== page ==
The processing of carbon fibers from different precursors may differ, but the thermal conversion process is similar. First precursor fibers are stabilized by oxidation in air at a temperature of 200-400 degrees Celsius. This process increases the thermal stability of the fibers. The stabilized Carbon fibers are placed in an inert atmosphere of high temperatures of about 2000 degrees. This process is called Carbonization process, where non-carbon elements such as nitrogen and oxygen are removed hence the formation of Carbon fibers as reported by Khayyam et al. 9

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New advancements have led to the introduction of polymer nanocomposites which have carbon nanotube (CNT) as a filler embedded in polypropylene, epoxy or cotton fabrics bulky polymer composites according to J. Chen. 3 The CNTs are widely applied in nanotechnology, electronics and many other fields of science and technology. CNTs can be single-walled carbon nanotubes (SWCNT) or multi-walled carbon nanotubes (MWCNT) with different structures, thickness and length suitable for the required purpose. CNTs are flexible and so can be added to some materials. Depending on the rolling angle, CNTs can be semiconductors or conductors of electricity hence their potential use to replace metal wires and use in the production of computer microchips respectively.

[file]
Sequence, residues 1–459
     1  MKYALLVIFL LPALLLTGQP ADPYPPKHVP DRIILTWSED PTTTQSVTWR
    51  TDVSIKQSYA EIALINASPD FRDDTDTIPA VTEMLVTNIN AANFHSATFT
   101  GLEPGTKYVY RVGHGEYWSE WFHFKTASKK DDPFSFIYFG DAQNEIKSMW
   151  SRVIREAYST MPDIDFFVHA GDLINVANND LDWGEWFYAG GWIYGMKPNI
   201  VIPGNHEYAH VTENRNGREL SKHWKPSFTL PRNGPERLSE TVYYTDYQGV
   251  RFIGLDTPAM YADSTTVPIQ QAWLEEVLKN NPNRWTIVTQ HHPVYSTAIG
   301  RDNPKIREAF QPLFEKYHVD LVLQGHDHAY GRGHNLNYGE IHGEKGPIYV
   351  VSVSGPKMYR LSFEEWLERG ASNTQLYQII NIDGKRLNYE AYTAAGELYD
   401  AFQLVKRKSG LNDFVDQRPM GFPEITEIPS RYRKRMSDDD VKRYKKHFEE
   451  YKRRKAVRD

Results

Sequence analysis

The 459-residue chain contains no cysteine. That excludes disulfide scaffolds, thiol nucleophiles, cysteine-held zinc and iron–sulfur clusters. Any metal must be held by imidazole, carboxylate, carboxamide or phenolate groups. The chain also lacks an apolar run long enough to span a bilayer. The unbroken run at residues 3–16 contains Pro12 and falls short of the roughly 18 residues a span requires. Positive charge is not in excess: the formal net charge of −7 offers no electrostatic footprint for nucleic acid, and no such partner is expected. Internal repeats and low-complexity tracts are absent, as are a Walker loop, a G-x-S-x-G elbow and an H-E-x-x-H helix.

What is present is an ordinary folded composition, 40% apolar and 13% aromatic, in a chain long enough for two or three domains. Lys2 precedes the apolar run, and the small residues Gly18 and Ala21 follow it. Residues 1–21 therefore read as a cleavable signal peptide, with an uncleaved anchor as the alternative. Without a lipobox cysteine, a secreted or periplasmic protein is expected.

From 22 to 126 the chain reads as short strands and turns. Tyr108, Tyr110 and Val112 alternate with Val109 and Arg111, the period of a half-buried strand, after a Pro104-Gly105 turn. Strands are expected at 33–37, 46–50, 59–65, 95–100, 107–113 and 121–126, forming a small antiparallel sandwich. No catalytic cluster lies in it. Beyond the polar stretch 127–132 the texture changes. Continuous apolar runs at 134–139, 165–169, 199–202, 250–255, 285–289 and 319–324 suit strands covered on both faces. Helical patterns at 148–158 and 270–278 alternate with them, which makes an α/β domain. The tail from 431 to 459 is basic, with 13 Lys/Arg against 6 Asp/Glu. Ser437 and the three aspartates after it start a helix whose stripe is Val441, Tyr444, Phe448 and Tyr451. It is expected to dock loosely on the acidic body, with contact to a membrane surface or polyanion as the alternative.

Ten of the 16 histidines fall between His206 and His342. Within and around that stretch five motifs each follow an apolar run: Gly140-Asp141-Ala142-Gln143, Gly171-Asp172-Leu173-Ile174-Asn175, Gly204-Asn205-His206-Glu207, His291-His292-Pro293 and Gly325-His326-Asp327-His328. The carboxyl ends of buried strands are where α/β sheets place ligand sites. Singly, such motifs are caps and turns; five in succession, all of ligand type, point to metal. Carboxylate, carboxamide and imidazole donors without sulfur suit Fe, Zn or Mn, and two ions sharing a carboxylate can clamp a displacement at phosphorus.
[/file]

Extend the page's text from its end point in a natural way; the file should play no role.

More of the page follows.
Types of Carbon fiber composites

There are various Carbon fibers composites with different properties due to differences in constituent materials:

Silica particle coating of Carbon fiber-reinforced polymer (CFRP) composites produces a high strength and light type of CFRP composite making it desirable in many industries. It is made by joining CFRP with silica and thus increasing their structural integrity as stated by. However, according to Malinowski et al., four bolts and nuts are not used in the joining CFRP as they compromise the structural integrity. Instead, adhesive bonding is used. On observations of the dispersion, size and shape of silica particles on CFRP, they are seen to be spherically shaped particles with a diameter of about 320 nm, non-aggregating on CFRP surface. The silica particles adsorb strongly such that they do not easily fall when the material is subjected to ultrasonication due to the strength yield that is increased by about 20%